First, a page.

When thinking about teaching in prisons, it can be difficult to understand the real impact that you could have on someone’s life. That’s why OlassJobs spoke to Simon.
Simon lived in prison for 16 years and spent a lot of it reading, learning and working in education. He now works as Head of Support for Coaching Inside and Out, is a trustee of The Prisoners’ Education Trust and tweets @SRefil about criminal justice, cancer and running with his dog. In his article, Simon explains the impact that studying and education had on him during his time in prison and how it helped him on release.
Prison is a strange place. It can be noisy, dangerous and terrifying and it can be lonely and boring. Mostly it’s the latter. Being locked in a cell isn’t inspiring, especially over long sunny weekends when the only freedom available is an hour on a tarmac yard surrounded by razor wire. Time can pass slowly and a lot of us would go to bed in the evening having achieved nothing but surviving one more day and being one closer to release.
Distraction from the tedium can be had from the TV, from sleeping the endless hours away or, for some, from drugs or alcohol. There is something fundamentally unsatisfying though with approaching a prison sentence as time to be endured or obliterated via intoxication. We all talked about ‘doing our bird’ and were eager for the end but some of us also thought that, in the meantime, we could live our lives and perhaps achieve something.
I spent a lot of my time in prison distracting myself through education courses. I started by revisiting maths via a course with the Open University (OU), courtesy of funding from the Prisoners’ Education Trust, and I loved it. Distance Learning gave me the freedom to study during the time in my cell - those dull evenings of bang-up became productive and when I did finish the week’s work and decide to watch a bit of trashy TV I felt like I deserved it.
It was tough completing assignments without a teacher and it was difficult to get access to IT, but pleading with the prison Education department meant I could occasionally get access to a PC. Sometimes OU tutors would visit and now and then there would be someone else in the prison doing the same course – this was fabulous as chatting about problems always helped me solved them. My cellmates were helpful too, they endured me talking about the maths of black holes or four-dimensional symmetries as I struggled to get my head around new concepts.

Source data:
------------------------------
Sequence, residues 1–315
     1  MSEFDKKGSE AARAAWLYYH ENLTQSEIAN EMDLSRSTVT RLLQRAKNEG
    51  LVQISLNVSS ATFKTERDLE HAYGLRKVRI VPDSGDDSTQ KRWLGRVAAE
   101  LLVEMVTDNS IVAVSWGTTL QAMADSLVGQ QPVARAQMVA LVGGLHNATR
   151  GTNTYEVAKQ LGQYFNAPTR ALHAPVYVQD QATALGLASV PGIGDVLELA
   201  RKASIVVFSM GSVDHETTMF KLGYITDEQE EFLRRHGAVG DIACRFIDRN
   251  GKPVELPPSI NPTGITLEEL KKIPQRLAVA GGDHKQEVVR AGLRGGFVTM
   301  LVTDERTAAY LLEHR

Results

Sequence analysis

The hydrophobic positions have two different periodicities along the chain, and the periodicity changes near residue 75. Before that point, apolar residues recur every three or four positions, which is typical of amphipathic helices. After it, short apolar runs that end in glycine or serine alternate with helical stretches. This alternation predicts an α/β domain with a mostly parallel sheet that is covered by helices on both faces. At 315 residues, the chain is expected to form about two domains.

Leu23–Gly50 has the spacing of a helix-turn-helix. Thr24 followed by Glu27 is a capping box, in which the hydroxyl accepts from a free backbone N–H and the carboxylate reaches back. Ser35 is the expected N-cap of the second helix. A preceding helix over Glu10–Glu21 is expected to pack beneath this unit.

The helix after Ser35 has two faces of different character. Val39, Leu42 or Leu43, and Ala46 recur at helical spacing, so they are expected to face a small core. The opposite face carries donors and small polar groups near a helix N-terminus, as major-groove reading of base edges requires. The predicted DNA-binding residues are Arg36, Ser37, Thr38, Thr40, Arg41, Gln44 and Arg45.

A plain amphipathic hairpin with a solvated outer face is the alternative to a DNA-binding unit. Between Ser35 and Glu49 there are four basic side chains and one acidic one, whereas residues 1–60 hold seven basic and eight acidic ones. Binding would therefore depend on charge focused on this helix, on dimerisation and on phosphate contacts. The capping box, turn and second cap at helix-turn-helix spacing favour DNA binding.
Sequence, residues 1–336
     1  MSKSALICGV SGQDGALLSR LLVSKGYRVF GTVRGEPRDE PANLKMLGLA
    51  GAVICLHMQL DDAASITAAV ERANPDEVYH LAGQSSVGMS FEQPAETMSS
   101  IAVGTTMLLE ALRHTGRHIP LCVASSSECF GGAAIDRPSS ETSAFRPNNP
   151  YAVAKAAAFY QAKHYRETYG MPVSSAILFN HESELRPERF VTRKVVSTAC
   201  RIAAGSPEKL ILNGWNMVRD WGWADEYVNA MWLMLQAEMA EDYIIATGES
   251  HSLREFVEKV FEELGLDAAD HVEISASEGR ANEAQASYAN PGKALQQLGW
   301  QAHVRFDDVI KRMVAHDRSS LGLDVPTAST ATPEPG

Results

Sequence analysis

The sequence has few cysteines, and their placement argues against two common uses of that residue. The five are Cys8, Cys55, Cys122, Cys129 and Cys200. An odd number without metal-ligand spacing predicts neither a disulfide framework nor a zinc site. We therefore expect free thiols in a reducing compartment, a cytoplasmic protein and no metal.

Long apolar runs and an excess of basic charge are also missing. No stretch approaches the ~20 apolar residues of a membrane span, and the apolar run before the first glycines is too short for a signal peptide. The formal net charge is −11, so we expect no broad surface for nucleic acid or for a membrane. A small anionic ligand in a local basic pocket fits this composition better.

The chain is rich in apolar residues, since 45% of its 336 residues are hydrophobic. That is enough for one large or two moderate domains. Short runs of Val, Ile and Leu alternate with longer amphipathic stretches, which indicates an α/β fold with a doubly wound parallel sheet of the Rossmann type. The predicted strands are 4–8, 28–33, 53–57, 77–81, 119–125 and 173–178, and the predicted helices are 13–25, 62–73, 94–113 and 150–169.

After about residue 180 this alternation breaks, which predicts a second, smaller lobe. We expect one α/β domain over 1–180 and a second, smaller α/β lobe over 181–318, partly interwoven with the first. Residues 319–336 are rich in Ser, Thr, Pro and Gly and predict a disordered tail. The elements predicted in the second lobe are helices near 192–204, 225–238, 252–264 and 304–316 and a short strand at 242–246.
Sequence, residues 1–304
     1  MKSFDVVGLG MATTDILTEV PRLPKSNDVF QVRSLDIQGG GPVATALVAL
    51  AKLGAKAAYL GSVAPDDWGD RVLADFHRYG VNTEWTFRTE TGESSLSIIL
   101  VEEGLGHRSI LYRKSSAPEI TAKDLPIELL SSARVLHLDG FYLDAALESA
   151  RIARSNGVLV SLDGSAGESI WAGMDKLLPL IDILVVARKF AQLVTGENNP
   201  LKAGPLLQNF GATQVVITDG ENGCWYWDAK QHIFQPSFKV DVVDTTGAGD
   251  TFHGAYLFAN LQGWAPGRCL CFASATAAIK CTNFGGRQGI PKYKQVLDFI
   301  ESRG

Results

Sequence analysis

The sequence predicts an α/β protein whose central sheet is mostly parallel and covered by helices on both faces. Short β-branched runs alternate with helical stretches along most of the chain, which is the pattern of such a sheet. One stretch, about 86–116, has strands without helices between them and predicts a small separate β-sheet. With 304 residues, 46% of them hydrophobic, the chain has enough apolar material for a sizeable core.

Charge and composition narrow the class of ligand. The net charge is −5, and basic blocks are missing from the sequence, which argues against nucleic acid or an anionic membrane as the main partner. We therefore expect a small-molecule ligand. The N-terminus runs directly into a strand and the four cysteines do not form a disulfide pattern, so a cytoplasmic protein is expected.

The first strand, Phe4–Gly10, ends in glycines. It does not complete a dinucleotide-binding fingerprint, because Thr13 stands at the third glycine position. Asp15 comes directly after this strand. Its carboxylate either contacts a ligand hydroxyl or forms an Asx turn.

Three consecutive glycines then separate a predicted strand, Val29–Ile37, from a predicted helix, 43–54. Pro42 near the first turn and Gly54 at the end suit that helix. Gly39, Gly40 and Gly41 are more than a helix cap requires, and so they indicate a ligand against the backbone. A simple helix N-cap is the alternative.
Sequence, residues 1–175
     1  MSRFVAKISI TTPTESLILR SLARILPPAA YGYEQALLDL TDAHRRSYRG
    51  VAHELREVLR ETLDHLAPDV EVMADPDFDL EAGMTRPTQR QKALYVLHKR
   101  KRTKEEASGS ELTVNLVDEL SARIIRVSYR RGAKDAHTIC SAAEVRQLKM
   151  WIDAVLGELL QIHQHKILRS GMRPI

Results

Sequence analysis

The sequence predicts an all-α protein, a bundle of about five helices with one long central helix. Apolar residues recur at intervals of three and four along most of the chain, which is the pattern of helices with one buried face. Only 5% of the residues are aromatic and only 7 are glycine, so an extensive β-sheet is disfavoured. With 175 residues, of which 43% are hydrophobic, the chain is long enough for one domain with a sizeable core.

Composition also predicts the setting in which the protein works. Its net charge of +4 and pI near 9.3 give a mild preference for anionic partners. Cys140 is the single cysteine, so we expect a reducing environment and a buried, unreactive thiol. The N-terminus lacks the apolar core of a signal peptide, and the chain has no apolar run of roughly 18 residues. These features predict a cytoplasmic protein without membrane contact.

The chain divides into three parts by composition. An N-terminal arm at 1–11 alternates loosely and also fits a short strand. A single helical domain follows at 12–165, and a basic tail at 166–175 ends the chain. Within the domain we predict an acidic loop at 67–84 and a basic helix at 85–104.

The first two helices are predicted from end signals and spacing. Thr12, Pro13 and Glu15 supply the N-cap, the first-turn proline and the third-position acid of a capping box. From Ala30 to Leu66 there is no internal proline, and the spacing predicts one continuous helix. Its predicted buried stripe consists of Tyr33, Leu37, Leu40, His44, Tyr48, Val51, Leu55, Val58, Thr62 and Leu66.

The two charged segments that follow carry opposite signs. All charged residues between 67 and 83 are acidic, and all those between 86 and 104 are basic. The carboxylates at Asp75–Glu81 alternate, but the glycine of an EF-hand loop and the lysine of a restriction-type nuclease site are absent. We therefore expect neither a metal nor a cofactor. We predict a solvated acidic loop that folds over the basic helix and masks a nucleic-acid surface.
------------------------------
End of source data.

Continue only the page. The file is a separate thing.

I spent time in education classes doing other subjects like Spanish, German, philosophy and politics and even tried my hand at pottery and painting. Changes to prison education meant these subjects disappeared as classes came to focus on literacy, numeracy and vocational skills. I was lucky though that, as a continuing OU student, I could access a wide variety of their courses. After I completed my maths degree I began another and immersed myself in the world of English Literature - books I had refused to read twenty years earlier at school. The more I challenged myself with new ideas, the harder I would work and the more satisfaction I’d feel. Learning helped life feel worthwhile and I was building up qualifications that would help me on release.
Towards the end of my sentence I worked as a Library and Education Orderly, helping others access distance learning courses and assisting them with research or getting access to study space. I’d had help at times during my learning, so giving even a little back felt satisfying and, besides, it challenged me and deepened my understanding. In open prison, I was fortunate enough to volunteer in a training company in the community and followed that with a stint as a Maths Lecturer in a Further Education College.
I look back on my prison education life and think I was lucky - lucky to have had support, lucky to be funded, lucky that I could choose courses which had no obvious vocational purpose. Things have changed over the years and although there is a major emphasis on education in prison it is focused on basic and vocational skills and remains inaccessible to many for a variety of reasons – mental health issues, violence, drugs and staff shortages amongst them.
The benefit to me of all those nights sitting scratching my head to understand a formula or hunched over an old typewriter producing an essay on Measure for Measure was not in the direct application of my learning. It was in the self-esteem it provided me with, a sense of purpose and a realisation that I could change and achieve what I had not been able to as a child. Education gave me pride, a focus and became part of my identity. I found freedom and self-determination through learning. It opened up opportunities and challenged me to step up and try to succeed where I had failed in the past.
If you have enjoyed reading Simon’s story and would like to help others like him, click here to explore the latest teaching opportunities in Offender Education.